Can we incorporate the wave into the mass equation? Let's start with two equations. The first for kinetic energy and the second for the wavelength itself.

Here KE is kinetic energy, m is the mass and v its velocity.

KE = (1/2)mv^2

For the wave equation we have:

f = h/p

Where f is the frequency, h is Planck's constant and p is momentum. To incorporate kinetic energy into the equation the following steps are required.

KE = (1/2) mv^2

2KE = mv^2

2KEm = m^2v^2

2KEm = (mv)^2

Since momentum equals mv we can derive momentum to include kinetic energy using SQRT(2KEm). Then for the wavelength we have:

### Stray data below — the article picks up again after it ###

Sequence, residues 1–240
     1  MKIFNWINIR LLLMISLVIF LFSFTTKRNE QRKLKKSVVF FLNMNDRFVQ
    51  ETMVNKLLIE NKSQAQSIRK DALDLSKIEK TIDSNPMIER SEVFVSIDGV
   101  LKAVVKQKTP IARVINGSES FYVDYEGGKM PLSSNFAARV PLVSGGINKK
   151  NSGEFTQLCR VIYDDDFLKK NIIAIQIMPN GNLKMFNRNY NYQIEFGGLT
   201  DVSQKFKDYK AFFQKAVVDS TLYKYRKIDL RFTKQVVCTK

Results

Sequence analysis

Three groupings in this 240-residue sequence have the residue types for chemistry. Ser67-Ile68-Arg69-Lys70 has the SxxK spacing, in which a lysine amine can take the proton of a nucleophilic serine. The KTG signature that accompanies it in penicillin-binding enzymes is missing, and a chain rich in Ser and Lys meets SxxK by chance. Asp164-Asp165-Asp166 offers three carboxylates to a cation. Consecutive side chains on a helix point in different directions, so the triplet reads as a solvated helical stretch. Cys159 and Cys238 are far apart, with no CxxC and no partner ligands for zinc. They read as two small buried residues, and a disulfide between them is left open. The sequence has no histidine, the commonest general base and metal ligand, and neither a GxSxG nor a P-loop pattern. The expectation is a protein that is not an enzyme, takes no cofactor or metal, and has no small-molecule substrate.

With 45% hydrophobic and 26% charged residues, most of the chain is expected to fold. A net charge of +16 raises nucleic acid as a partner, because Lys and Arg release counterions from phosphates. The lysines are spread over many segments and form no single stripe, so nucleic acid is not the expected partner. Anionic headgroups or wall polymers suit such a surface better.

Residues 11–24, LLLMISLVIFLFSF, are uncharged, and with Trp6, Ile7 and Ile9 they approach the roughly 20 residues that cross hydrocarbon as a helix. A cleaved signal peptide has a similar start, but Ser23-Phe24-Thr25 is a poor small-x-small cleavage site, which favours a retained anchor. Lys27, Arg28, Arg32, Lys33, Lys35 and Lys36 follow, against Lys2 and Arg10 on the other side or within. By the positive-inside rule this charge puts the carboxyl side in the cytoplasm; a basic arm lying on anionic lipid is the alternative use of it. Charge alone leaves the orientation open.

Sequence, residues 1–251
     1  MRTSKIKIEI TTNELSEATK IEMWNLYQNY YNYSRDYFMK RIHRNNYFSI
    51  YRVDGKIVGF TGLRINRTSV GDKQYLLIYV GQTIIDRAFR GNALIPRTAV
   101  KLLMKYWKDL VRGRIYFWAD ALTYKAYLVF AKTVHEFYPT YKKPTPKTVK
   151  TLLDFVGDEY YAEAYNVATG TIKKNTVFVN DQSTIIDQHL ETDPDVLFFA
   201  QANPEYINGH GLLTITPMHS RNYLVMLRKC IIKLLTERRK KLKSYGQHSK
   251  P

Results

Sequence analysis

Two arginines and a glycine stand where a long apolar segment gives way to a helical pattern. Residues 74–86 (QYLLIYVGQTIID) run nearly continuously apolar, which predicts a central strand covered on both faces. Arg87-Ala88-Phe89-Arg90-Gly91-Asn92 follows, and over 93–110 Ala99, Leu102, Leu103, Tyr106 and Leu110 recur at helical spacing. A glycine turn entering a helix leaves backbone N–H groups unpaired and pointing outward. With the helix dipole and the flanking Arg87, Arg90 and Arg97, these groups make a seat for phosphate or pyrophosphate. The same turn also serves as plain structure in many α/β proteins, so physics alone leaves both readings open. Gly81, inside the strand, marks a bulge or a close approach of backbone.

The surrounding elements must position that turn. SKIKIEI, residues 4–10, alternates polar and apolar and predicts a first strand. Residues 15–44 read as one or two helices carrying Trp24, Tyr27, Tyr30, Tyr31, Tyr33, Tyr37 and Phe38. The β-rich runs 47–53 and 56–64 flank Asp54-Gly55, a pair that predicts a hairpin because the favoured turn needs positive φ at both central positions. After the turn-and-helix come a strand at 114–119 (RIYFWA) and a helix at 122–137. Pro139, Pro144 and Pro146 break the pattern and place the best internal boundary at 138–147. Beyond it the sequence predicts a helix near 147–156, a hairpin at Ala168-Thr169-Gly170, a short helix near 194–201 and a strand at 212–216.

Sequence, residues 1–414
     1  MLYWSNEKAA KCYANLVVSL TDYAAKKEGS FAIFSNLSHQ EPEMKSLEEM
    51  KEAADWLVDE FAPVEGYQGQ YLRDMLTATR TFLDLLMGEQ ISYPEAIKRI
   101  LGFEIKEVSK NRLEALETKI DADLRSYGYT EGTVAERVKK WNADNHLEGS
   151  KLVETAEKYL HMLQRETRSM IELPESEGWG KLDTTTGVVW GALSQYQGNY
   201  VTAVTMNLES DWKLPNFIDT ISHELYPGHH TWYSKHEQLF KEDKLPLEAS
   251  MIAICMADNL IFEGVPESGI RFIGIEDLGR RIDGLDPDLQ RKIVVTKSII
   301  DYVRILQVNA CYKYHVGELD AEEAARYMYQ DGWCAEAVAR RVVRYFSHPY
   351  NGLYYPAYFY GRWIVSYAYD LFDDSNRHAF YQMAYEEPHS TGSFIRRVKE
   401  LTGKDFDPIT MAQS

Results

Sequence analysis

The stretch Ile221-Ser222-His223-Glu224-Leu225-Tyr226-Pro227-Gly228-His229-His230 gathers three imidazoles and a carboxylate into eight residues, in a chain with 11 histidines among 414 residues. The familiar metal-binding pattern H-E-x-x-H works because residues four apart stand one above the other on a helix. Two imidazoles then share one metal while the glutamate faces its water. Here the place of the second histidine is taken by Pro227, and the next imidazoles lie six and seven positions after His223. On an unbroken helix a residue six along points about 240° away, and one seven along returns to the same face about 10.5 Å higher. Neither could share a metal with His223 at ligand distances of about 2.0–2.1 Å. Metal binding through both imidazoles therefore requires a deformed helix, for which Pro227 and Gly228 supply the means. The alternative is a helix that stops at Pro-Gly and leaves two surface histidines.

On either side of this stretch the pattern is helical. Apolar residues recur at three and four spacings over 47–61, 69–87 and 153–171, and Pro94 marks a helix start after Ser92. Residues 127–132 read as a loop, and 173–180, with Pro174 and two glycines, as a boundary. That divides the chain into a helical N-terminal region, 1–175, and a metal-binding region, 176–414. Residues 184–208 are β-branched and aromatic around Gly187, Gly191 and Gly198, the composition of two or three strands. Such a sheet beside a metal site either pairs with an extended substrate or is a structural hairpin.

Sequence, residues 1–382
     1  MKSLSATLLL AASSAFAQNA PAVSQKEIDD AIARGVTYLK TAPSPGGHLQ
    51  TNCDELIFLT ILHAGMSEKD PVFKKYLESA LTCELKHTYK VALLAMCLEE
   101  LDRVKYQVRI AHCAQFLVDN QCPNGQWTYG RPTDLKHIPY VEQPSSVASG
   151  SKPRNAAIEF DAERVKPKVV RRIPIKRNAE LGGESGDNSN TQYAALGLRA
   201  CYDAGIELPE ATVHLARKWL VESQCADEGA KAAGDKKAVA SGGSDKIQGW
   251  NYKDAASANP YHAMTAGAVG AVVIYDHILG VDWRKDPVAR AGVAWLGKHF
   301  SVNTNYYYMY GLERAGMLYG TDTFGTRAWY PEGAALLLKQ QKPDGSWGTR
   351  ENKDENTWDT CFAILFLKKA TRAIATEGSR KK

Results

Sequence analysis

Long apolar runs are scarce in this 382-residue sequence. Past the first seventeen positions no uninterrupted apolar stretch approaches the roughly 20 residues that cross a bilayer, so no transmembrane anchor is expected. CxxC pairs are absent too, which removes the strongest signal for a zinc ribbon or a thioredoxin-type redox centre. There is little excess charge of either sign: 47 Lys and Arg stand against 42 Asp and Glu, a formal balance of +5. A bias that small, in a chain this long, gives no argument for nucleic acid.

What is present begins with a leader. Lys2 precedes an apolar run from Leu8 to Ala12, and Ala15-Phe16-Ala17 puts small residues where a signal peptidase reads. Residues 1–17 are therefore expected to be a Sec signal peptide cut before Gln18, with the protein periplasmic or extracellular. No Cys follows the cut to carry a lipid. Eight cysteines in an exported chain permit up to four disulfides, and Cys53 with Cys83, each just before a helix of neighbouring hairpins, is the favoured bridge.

f = h/SQRT(2KEm)

We can never have zero kinetic energy because we always have zero point energy. Therefore KE has to be intrinsic to mass which means mass always has momentum. Only for purposes of mathematical derivation can we use rest mass. Since mv would require velocity to be a numerator we would be multiplying velocity with hbar so no we cannot incorporate the wave equation into a mass equation. The same can be said for the energy equation. This indicates that the wave is merely an effect of the motion of the particle through space. Either in a straight line path or via angular momentum. From this we can reach the conclusion that because the wave is not intrinsic it can be directly affected by the gravitational field. Since the gravitational field will affect trajectory.